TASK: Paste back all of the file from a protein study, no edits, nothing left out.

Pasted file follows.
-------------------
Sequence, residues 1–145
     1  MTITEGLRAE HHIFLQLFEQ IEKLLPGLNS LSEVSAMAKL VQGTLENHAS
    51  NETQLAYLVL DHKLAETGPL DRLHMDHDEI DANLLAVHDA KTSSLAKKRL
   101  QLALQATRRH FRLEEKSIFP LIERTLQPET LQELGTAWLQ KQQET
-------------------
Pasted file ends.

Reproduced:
Sequence, residues 1–145
     1  MTITEGLRAE HHIFLQLFEQ IEKLLPGLNS LSEVSAMAKL VQGTLENHAS
    51  NETQLAYLVL DHKLAETGPL DRLHMDHDEI DANLLAVHDA KTSSLAKKRL
   101  QLALQATRRH FRLEEKSIFP LIERTLQPET LQELGTAWLQ KQQET